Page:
June 12-14, 2018 | Toronto Congress Centre (South Building)
|Press Brake Technology
Scott Ottens, Amada America, Inc.
With the advancement of high speed Fiber Lasers the pressure is on the bending area to keep up without expanding department size. Reduction in press brake setup time is critical to do this. The presentation will cover various technologies available for reducing setup time with emphasis on Automatic Tool Changing.
|The Benefits of Panel Bending vs. Press Brake Bending
Andrew Jeffery, TRUMPF, Inc.
When it comes to the forming portion of a production line, the first machine that comes to mind is usually a press brake. This is a go-to method for bending material into the part’s final shape or form. What some manufacturers are learning is that there is another viable solution for forming parts: a folding machine. This presentation will discuss the benefits of panel bending vs. press brake bending.
This unique session will highlight examples of real world causes and solutions to common (and less common) finishing defects. Each key area of the finishing process will be covered, including pretreatment, liquid and powder coating materials and liquid and powder application equipment. Attendees will learn the best ways to identify the cause of a finishing defect as it relates to the coating process, and prevent the defect from returning. Presenters will have actual samples of a variety of defects and discuss the problem-solving process on how to correct and eliminate these finishing defects.
|David Schimpff, DuBois Chemicals
||Tabitha McLeish, The Sherwin-Williams Co.
|Diego Bertolo, SAMES KREMLIN
Compact in-die transfer technology is a new and emerging technology in the sheetmetal stamping industry. In this session you will learn the key elements that will help take advantage of this new technology. You will learn from the industry leader about how to apply compact in-die transfer technology to win more work, reduce costs and improve your stamping efficiencies. You will learn valuable transfer tips and tricks, see examples of the different types of compact in-die transfer tools and take away several real-world case studies.
Bob Gunst, Jacar Systems LLC
Stainless steels are selected primarily because of their corrosion resistance, with the mechanical properties (strength, hardness, ductility) being of secondary importance. As such, it is important when welding stainless steels that the weld metal be protected from sources of contamination or oxidation. Cleanliness is essential in welding stainless steels. This session will cover the basic types of stainless steel, general welding discontinuities and defects, specific discontinuities and defects in stainless steel welds and general corrosion issues.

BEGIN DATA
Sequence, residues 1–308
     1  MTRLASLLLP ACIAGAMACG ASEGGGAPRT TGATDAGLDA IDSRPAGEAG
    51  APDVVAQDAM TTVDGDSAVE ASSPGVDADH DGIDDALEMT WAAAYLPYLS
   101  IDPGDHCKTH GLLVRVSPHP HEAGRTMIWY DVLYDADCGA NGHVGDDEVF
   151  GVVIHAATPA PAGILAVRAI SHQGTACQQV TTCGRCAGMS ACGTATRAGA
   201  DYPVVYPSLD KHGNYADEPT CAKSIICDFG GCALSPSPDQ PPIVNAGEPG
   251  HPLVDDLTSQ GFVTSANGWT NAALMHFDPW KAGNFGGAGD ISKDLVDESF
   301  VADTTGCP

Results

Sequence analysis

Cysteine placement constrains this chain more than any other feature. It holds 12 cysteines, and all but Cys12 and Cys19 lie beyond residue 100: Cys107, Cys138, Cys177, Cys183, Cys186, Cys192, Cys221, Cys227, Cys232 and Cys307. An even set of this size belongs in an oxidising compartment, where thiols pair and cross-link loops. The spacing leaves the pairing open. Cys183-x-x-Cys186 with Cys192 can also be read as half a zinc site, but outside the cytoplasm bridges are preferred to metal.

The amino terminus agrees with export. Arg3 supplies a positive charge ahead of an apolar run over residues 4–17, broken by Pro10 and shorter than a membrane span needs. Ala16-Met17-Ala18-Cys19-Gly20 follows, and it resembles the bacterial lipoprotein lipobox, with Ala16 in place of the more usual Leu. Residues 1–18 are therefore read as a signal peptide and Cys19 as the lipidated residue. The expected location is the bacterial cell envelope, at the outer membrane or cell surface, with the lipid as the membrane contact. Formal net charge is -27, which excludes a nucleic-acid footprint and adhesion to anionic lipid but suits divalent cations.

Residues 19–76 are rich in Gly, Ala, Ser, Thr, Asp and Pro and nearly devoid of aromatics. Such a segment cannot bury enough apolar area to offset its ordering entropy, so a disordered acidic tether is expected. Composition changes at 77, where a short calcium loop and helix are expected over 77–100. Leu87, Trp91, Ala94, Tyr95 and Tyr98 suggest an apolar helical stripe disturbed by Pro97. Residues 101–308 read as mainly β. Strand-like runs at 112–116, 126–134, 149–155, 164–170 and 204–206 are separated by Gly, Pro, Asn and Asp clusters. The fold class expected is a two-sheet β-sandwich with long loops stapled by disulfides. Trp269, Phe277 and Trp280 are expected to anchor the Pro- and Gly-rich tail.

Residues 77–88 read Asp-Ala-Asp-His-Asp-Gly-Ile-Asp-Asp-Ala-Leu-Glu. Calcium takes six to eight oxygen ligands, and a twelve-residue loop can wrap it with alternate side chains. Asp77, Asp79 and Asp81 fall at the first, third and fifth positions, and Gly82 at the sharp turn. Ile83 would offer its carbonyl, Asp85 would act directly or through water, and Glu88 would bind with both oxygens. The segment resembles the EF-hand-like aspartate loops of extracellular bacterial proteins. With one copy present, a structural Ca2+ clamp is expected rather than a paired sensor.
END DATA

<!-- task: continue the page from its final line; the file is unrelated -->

Richard Campbell, Bechtel Corporation
Plasma cutting Technology – Traditional and Non-traditional Areas of Advancement
A critical focus area of plasma cutting advances over the past 50 years was to improve cut quality and consistency, and extend this over the full life of the consumables. The latest advances continue and even accelerate this development, especially in the area of non-ferrous cutting. Recently this traditional area of technological advance was expanded to include greater focus on engineered system optimization and enhanced ease of use. Here, increasingly sophisticated features in the plasma power source come into play. Advances in this area provide protection to a cutting torch, facilitate optimal consumable life and enable remote multi-system monitoring. This presentation will document recent trends in these traditional and non-traditional areas of technological advances, as well as provide key underlying economic factors that help drive them.
Phil Parker, Hypertherm
Today’s Nesting Software: Why Having Your Cutting Machines Connected to Your Network Matters
Attendees of this presentation will learn about the latest trends in nesting software, with a strong focus on the importance of having nesting PC and cutting machines setup with network connectivity. This allows for use of nesting software functionality that takes advantage of direct communication from the machine CNC, or a nearby computer device. Outcomes include real-time nest / job status, the ability to update work orders on-the-fly, accurate digital material inventory, and more.
Eric Smith, Hypertherm